Business owners have been selling their firms – but total sales figures are down significantly compared to previous years.
UK entrepreneurs have made £11.8bn selling their firms in the past year, according to research by Bowmore Asset Management.
That was 59 per cent lower than the £29.1bn that businesses made in 2019/20. This was partly because of the early stages of the Covid-19 pandemic causing a slump in merger and acquisitions activity. The economic slowdown during the pandemic also meant that entrepreneurs were more reluctant to sell at reduced valuations. Prospective buyers were deterred from buying UK businesses in the first six months of the pandemic because of the uncertainty around its economic effects. Social distancing rules also made it more difficult to carry out due diligence checks, which are essential to the mergers and acquisitions process.
Mark Incledon, chief executive officer of Bowmore Asset Management, said: “British entrepreneurs have had another good year for selling businesses, with billions of pounds more brought in.”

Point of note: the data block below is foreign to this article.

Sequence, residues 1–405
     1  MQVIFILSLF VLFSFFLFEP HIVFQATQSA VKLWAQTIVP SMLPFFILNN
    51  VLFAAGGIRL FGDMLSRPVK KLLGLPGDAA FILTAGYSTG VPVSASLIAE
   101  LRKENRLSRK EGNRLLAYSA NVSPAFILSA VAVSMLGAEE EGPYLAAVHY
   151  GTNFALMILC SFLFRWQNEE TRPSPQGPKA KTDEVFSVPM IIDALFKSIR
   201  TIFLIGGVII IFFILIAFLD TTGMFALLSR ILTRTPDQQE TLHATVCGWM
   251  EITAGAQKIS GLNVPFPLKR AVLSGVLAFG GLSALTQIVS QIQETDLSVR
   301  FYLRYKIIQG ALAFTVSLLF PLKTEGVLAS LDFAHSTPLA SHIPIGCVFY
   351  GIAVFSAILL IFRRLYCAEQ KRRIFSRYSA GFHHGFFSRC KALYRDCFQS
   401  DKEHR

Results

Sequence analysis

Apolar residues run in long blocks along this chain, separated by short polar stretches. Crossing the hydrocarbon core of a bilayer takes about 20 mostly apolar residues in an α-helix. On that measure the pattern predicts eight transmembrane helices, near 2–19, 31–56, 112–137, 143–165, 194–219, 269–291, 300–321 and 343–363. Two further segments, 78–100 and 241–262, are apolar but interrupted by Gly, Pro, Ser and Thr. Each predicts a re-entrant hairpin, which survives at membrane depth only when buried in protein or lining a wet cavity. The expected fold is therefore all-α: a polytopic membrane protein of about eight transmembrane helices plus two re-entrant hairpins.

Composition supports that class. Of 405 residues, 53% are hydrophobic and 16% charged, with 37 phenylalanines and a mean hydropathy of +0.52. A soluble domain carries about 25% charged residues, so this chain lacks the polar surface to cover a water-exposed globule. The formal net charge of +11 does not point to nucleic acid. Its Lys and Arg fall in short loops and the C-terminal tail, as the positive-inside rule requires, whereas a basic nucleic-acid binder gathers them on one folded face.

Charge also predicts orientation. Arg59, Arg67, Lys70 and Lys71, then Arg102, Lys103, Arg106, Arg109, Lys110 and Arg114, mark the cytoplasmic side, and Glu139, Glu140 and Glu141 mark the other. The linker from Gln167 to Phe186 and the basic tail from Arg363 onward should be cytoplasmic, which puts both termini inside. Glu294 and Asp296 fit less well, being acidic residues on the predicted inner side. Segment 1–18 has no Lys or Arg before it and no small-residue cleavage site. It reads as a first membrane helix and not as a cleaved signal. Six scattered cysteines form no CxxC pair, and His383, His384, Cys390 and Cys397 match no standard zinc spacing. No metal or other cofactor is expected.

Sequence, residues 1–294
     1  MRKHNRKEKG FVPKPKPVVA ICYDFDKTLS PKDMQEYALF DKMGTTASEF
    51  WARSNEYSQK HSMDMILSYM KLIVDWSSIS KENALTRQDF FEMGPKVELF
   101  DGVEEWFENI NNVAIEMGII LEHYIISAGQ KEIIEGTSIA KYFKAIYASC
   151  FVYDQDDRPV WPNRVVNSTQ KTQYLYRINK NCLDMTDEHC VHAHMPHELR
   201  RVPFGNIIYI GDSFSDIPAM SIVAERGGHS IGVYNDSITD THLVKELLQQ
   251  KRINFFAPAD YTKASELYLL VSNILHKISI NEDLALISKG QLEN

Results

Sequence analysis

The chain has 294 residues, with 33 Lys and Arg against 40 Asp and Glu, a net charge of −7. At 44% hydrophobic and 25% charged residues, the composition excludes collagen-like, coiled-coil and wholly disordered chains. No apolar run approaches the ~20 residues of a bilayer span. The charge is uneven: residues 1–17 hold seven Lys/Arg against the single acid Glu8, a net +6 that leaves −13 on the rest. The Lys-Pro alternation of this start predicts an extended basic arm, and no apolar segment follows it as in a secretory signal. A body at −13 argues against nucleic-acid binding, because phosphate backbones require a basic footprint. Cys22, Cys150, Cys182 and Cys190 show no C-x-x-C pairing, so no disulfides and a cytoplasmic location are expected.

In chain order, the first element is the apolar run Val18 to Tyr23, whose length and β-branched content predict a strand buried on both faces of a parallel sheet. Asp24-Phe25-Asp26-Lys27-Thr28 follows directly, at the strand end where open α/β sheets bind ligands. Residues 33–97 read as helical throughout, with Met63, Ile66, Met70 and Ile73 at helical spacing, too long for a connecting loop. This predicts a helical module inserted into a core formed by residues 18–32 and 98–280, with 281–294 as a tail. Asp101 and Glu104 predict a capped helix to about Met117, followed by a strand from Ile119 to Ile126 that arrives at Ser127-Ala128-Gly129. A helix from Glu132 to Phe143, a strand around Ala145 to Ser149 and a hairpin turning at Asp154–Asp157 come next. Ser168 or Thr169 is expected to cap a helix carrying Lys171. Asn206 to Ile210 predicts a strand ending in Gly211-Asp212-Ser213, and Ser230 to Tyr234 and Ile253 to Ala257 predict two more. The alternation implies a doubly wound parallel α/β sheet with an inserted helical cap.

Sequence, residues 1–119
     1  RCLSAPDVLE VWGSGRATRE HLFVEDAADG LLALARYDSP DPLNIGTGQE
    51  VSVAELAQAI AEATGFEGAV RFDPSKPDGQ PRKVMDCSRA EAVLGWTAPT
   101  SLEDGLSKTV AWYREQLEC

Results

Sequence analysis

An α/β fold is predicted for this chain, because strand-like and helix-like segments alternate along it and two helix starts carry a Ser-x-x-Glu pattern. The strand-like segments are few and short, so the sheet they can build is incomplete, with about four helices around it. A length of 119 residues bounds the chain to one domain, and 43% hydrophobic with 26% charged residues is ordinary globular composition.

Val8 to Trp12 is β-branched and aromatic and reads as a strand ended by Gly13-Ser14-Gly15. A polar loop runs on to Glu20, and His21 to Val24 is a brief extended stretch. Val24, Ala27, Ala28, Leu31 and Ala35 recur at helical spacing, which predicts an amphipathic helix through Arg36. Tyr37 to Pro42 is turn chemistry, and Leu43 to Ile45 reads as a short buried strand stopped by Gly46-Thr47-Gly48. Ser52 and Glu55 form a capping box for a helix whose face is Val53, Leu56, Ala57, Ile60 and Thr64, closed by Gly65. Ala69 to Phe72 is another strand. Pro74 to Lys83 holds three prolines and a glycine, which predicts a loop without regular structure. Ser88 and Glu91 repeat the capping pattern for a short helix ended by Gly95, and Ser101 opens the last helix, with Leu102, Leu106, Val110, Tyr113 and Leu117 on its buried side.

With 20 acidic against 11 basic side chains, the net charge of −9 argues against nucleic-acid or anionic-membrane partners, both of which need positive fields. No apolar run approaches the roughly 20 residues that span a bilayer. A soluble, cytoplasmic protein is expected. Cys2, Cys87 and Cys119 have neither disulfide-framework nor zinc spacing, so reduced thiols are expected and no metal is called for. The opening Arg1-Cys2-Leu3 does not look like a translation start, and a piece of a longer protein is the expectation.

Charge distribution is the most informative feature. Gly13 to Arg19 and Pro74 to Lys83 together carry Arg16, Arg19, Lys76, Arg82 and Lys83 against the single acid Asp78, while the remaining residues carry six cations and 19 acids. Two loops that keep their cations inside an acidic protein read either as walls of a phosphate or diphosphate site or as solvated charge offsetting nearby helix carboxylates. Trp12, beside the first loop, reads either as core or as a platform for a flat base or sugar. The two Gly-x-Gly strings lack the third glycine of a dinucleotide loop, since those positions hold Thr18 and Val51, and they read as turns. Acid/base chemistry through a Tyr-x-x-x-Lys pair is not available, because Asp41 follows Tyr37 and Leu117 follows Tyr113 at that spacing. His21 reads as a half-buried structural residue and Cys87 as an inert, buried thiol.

“Even during the extremely challenging economic conditions of the pandemic, UK entrepreneurs were able to generate significant amounts of money by exiting their businesses.”
Incledon advises entrepreneurs who have sold their businesses recently that they should be looking to invest these profits and maximise future returns.
He added: “The first order of business for entrepreneurs who have sold their companies should be reinvesting that money sensibly. Yields are now more generous, but inflation is eating away the value of savings at a far faster rate than normal.
“However, valuations are depressed across a wide range of asset classes and those who invest wisely today stand a good chance of benefitting in the long term.”
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What is Business Asset Disposal Relief?
Bowmore Asset Management’s research is based on HMRC’s Business Asset Disposal Relief figures. It was known as Entrepreneurs’ Relief before April 6, 2020. It means that you may be able to pay less Capital Gains Tax when you sell all or part of your business – 10 per cent rather than 20 per cent. It covers the sale of a business or qualifying shares for up to a lifetime value of £1m (it was £10m under Entrepreneurs’ Relief).
To be eligible, you must be able to satisfy the following two criteria for at least two years up to the date of selling your business:
- You’re a sole trader or business partner
- You’ve owned the business for at least two years
By Anna Jordan
Source: Small Business